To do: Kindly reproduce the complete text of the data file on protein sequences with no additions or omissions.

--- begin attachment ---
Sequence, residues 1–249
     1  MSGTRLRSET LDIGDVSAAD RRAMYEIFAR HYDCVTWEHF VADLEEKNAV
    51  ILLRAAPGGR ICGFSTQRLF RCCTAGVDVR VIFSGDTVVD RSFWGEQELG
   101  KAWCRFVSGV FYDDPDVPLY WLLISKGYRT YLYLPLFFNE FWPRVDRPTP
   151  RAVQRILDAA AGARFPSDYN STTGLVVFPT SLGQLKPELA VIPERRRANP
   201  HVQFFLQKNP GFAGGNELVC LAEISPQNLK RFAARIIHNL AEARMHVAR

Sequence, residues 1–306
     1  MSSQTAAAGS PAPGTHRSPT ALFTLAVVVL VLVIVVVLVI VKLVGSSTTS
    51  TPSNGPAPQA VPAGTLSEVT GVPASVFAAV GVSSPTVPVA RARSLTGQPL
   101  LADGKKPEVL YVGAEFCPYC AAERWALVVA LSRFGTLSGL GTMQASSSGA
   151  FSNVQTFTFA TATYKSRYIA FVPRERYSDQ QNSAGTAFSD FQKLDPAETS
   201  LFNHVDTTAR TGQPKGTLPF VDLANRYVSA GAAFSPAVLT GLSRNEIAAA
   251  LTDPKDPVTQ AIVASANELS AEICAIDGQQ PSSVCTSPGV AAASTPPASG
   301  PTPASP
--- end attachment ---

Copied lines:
Sequence, residues 1–249
     1  MSGTRLRSET LDIGDVSAAD RRAMYEIFAR HYDCVTWEHF VADLEEKNAV
    51  ILLRAAPGGR ICGFSTQRLF RCCTAGVDVR VIFSGDTVVD RSFWGEQELG
   101  KAWCRFVSGV FYDDPDVPLY WLLISKGYRT YLYLPLFFNE FWPRVDRPTP
   151  RAVQRILDAA AGARFPSDYN STTGLVVFPT SLGQLKPELA VIPERRRANP
   201  HVQFFLQKNP GFAGGNELVC LAEISPQNLK RFAARIIHNL AEARMHVAR

Sequence, residues 1–306
     1  MSSQTAAAGS PAPGTHRSPT ALFTLAVVVL VLVIVVVLVI VKLVGSSTTS
    51  TPSNGPAPQA VPAGTLSEVT GVPASVFAAV GVSSPTVPVA RARSLTGQPL
   101  LADGKKPEVL YVGAEFCPYC AAERWALVVA LSRFGTLSGL GTMQASSSGA
   151  FSNVQTFTFA TATYKSRYIA FVPRERYSDQ QNSAGTAFSD FQKLDPAETS
   201  LFNHVDTTAR TGQPKGTLPF VDLANRYVSA GAAFSPAVLT GLSRNEIAAA
   251  LTDPKDPVTQ AIVASANELS AEICAIDGQQ PSSVCTSPGV AAASTPPASG
   301  PTPASP